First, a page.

Project Management in Practice

Beyond the alphabet soup of PRINCE2, MSP, MoP, PMBOK, ITIL, Agile

Under promise over deliver?

Under promise

I was part of an interview panel recently to employ a new Project Manager. Interview was iterating towards a good outcome and we started discussing the philosophy of project delivery. The specific phrase that came up was the often used under promise, over deliver and it’s appropriateness. It was a very interesting discussion, one that I thought I’d share.

The classic reason Project Managers try to under promise and over deliver is to mitigate risk. Once bitten, twice shy. This approach has come from project managers who have been burned by failing to control expectations with their stakeholders. The reason for this failure may have been varied – from unrealistic targets or unreasonable stakeholders. Whatever the case, minimizing impact on the project is the prime concern for them and has led to this approach finding a strong foothold. Perception is reality in IT service delivery. If the stakeholder’s expectations are being met, usually they’ll consider the project value for money.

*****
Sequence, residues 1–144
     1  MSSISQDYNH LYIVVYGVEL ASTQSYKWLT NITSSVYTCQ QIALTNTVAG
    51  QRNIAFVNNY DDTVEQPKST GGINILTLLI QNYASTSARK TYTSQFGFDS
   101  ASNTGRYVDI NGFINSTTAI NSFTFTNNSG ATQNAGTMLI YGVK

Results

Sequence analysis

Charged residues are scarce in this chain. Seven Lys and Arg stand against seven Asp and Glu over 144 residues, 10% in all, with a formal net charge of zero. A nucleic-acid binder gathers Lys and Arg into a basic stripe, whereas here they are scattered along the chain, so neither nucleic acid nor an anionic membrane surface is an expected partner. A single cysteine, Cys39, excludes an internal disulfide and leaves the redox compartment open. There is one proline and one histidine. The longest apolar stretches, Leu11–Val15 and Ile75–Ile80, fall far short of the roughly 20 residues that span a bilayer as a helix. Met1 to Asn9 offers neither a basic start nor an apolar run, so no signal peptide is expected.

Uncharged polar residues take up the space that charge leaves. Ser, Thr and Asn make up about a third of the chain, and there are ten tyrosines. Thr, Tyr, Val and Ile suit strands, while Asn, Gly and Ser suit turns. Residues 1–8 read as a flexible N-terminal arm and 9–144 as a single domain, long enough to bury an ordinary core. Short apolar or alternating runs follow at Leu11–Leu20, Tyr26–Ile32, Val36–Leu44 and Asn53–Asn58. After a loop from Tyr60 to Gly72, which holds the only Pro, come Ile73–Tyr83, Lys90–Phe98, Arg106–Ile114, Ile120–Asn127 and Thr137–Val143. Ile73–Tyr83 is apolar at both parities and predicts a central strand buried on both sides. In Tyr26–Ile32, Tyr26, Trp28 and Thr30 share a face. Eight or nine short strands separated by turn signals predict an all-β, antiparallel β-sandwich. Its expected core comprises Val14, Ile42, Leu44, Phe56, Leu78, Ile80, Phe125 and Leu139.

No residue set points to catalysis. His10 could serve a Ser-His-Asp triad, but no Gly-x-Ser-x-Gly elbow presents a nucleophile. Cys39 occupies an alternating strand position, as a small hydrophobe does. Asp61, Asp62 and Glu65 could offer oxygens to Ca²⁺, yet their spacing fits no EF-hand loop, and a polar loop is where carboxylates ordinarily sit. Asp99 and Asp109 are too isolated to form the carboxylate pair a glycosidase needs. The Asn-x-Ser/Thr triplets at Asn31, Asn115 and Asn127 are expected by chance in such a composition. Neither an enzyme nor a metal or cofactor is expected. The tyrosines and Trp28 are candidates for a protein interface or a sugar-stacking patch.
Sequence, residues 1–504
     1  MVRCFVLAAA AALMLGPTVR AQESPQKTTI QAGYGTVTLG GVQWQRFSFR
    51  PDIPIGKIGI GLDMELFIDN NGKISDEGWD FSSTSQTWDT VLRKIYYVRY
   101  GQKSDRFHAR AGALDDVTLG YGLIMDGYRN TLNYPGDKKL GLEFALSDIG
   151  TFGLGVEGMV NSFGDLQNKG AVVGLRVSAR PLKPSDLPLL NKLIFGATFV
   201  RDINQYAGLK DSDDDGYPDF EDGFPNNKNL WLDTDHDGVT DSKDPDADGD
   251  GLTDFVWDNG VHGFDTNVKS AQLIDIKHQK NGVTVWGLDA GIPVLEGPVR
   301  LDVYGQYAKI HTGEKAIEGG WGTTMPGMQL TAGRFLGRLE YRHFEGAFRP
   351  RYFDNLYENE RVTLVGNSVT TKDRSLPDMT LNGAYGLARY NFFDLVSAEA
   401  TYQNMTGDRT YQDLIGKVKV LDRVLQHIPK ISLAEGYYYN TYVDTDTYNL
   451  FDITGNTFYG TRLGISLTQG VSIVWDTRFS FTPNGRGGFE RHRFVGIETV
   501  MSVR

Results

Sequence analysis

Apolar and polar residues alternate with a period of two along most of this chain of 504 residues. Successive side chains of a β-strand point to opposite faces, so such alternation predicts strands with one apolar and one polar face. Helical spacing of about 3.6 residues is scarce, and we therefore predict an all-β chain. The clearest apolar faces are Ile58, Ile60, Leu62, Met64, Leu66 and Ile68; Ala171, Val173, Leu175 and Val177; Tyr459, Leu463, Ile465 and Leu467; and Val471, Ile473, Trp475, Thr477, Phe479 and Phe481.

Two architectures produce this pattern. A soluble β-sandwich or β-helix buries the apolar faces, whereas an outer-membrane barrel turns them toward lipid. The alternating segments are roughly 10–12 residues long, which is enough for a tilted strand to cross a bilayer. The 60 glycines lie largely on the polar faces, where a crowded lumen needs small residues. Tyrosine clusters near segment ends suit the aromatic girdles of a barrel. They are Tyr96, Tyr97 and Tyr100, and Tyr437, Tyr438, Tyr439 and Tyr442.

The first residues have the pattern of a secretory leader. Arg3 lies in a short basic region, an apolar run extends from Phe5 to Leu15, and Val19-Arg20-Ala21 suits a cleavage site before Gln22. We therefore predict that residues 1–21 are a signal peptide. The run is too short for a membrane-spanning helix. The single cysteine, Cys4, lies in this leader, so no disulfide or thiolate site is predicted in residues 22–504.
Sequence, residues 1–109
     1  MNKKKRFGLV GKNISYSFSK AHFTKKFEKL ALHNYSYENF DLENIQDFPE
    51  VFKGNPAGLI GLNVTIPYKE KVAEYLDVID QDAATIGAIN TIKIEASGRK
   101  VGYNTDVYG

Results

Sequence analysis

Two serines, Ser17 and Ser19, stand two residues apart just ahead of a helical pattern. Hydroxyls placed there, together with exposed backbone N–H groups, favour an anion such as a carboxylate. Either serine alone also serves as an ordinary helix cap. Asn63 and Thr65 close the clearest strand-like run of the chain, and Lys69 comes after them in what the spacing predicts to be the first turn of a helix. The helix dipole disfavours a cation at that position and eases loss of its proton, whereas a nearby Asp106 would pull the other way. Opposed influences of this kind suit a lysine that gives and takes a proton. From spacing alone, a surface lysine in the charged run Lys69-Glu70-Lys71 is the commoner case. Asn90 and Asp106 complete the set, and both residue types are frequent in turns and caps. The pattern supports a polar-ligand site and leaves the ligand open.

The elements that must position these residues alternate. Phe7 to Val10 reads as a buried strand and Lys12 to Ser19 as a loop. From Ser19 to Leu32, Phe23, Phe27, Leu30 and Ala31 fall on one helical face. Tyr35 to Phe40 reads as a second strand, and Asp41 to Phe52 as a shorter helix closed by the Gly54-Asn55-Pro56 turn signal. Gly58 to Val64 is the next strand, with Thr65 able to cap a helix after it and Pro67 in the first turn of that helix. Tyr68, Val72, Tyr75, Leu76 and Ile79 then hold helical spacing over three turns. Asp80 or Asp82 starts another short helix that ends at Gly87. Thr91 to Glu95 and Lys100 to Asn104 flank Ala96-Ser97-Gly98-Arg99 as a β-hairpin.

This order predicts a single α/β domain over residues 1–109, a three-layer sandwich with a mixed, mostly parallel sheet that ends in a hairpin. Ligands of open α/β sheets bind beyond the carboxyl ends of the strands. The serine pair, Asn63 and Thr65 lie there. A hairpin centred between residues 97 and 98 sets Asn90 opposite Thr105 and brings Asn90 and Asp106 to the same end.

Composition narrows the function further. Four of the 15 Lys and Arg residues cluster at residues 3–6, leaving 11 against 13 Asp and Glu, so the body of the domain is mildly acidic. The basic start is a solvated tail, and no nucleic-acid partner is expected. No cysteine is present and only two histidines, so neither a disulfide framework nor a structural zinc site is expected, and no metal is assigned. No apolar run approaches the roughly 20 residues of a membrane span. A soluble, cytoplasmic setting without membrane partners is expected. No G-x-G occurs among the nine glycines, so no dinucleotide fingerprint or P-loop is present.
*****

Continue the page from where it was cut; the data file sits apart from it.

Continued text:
While this provides for a level of Cover from risk, it goes against open and transparent communication. All the interaction is between competent professionals. This level of communication gap should not be desirable. In saying that the Project Managers currently intentionally setting lower expectations have at one point tried that. Is that an indication that open communication is an aspiration that can never be reached?

I find this all depends on the maturity of all the stakeholders. How you communicate to them usually mirrors how you communicate with your family. There are those family members who are mature enough and you can call a spade a spade. With them, you can aspire to have a transparent communication channel. Set the expectations and if something is to go south, explain the reasons and how the course will be altered to meet the best outcome. There are always some in the family who really care, but don’t get it. In stakeholder terms it is really important to keep on-side, but you probably want to ensure a need to know information flow only. Then there are the in-laws, who you never seem to be able to win over come what may. This is the audience where under promise and over deliver is an entirely valid strategy.

Aspire to openness as the first choice. But be prepared to alter strategy depending on the interest, influence and nature of the stakeholder.

2 responses to “Under promise over deliver?

  1. Pingback: How do I communicate project schedule? « Project Management in Practice

  2. Pingback: How does organisational growth impact project delivery? « Project Management in Practice

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